Friday, December 05, 2008

Odds and Ends 94

I'm changing things up a bit because situations have changed very significantly.

If you want to read true fiction, please visit I had considered mentioning it only once on this blog, but now I think you should read what is published on that site.

In response to some of the issues written about on that site's Dec 2 post about 'benefits' that will be lost if only 1200 units are authorized, I can only write 'Hogwash!'

If there are no commercial services at the site, then folks only have to put shoes on their feet and walk a very short distance to an entire shopping center, complete with restaurants.

The site mentions obesity and diabetes but somebody also wants you to have to walks an even shorter distance to gather your coffee or donuts.

How many residents of the northwest San Pedro area have visited Eastview Park? I know you need to keep your vehicle doors locked and your valuables hidden, but that is true with every park's parking lot.

But with just a bit longer of a walk from Western and Green Hills Drive, one can visit that park which sits atop land owned by the Sanitation Districts.

San Pedro has about 11 times the park lands and open spaces per resident than most other places in the city of Los Angeles. We are all blessed with some of the most beautiful parks and open spaces anywhere. How much would a 6-acre park really benefit folks who don't live in the Ponte Vista neighborhood?

Oh boy, the Los Angeles Chamber of Commerce supports commerce. Duh!

Folks, it is time for the Outreach Team to stop beating a dead horse. Not only is that poor animal long dead, it has already provided some needed glue to some people.

There will NOT be 1,950-units built on the 61.53 acre site. Get over it! Put it to bed and merciful peace.

On May 29, 2007 I finally wrote for the first time that I considered R1 as the only option for the site. That writing was and is conditional and based on the concept that as long as Bob Bisno continued with plans for a project the size he wanted, R1, NO COMPROMISE! was my only option.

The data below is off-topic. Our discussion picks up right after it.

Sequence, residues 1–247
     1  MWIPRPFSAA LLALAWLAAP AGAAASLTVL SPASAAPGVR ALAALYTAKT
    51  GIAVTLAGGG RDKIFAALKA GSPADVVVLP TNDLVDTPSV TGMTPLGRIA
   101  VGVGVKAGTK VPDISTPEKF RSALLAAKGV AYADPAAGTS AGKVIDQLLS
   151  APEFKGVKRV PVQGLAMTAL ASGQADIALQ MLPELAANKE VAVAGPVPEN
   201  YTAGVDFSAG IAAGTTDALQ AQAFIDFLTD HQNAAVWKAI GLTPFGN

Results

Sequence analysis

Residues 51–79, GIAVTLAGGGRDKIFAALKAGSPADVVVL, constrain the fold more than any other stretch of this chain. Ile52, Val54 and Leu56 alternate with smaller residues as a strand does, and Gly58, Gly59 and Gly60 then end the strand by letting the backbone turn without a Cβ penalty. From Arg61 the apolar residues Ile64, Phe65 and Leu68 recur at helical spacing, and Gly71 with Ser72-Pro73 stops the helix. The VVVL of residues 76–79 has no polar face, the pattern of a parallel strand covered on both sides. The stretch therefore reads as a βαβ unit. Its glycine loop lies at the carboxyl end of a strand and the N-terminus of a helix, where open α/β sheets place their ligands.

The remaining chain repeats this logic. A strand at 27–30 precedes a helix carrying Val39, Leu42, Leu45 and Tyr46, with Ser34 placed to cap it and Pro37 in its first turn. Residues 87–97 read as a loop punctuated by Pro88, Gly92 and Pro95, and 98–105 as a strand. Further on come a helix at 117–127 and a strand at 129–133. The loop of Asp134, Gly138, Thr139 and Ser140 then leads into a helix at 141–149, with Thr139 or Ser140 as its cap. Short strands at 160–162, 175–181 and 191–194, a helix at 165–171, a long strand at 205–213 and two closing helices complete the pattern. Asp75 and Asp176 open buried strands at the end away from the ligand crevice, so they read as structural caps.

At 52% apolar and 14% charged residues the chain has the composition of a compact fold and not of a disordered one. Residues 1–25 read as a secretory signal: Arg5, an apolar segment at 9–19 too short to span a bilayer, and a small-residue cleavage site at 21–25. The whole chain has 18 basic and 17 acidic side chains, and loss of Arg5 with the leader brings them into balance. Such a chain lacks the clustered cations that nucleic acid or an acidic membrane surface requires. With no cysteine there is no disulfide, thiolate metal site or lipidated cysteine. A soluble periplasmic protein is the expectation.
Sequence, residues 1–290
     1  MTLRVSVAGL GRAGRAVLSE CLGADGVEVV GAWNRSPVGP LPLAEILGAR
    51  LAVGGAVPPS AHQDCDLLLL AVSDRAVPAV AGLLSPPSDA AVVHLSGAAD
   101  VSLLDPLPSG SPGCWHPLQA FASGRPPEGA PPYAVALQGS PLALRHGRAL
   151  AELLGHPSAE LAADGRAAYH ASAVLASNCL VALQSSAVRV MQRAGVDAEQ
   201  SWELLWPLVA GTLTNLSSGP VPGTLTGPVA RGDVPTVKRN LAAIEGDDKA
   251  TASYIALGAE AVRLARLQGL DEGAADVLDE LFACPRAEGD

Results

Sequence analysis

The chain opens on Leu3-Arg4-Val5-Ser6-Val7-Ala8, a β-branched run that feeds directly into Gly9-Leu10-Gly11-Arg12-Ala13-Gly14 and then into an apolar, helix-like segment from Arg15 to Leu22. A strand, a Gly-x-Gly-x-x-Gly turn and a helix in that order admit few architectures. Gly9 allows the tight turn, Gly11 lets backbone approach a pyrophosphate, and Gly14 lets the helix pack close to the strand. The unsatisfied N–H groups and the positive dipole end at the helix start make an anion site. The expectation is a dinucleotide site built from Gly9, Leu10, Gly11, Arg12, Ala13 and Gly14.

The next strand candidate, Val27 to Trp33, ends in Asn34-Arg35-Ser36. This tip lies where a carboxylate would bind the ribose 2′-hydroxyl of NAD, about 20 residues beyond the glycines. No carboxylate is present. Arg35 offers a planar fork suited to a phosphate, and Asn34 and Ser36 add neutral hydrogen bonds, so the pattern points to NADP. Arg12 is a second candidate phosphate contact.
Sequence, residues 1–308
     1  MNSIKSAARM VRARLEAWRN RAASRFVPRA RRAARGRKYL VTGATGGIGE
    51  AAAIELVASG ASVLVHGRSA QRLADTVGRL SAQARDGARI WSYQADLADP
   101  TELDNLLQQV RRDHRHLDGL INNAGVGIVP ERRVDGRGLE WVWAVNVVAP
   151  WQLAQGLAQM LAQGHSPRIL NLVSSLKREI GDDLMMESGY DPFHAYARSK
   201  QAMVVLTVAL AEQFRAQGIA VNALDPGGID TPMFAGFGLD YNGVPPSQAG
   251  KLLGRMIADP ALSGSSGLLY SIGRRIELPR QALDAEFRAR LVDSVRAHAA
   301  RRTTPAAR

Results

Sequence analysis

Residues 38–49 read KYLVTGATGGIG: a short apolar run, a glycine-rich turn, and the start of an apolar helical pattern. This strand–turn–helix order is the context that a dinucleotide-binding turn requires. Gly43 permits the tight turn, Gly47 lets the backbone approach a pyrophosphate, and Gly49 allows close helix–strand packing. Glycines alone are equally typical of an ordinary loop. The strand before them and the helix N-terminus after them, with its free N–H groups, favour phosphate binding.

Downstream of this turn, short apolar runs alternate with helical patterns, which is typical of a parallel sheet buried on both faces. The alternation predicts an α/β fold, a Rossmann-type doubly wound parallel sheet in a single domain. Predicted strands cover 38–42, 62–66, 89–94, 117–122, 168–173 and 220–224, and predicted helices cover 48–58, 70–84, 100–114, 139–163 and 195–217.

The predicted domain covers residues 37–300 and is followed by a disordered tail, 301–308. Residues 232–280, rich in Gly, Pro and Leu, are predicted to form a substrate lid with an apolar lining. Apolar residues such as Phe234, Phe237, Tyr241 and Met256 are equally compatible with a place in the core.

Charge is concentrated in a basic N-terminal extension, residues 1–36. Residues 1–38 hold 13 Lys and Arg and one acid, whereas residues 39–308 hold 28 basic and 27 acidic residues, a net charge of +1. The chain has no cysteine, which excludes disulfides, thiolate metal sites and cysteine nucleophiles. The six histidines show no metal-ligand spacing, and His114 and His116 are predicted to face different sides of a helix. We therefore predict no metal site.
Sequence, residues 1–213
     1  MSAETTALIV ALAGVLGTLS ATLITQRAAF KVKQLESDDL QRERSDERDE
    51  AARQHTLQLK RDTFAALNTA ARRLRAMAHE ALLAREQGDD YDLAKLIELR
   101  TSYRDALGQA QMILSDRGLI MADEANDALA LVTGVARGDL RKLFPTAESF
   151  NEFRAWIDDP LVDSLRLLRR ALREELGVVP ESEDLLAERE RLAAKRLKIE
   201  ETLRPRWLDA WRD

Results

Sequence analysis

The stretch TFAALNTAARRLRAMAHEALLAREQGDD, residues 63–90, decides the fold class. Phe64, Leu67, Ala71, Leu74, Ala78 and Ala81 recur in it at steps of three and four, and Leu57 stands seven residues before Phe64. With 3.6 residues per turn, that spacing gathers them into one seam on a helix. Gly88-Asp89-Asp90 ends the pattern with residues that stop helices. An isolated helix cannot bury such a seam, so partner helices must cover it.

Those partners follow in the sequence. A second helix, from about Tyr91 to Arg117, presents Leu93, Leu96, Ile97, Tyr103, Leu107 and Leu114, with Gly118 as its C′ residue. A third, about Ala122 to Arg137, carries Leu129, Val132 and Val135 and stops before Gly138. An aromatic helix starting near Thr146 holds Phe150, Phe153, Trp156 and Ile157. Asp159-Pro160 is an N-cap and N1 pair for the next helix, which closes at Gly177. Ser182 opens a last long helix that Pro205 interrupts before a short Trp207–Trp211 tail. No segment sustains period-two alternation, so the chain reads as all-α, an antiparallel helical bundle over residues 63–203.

Until Bob rescinds his current application or it is finally put out of its misery by the L.A. City Council, the zoning at the 61.53 acre site must stay R1, NO COMPROMISE!

This does not mean I believe the final authorized residential units allowed for at the site will be built using R1 zoning guidelines.

Now that the Planning Department has issued its report with recommendations and guidelines AND it appears that Councilwoman Hahn supports those guidelines to build units according to zoning other than R1, it is now really going to be an uphill battle for those who continue to demand R1 now and forever.

The community needs to get together and finally discuss and debate whether R1 is the best for that site and I do not know the answer to that right now.

Times and generations have changed. I am a baby-boomer and there are more of us growing older and remaining active than there were for our parents' generation.

We will live longer, remain more active, desire more amenities, and demand more activities and options than generations that grew older before us.

While it still may be absolutely positively true that San Pedrans live in their homes and die in them when they get older, that doesn't mean the baby-boomer generation will want to do the same.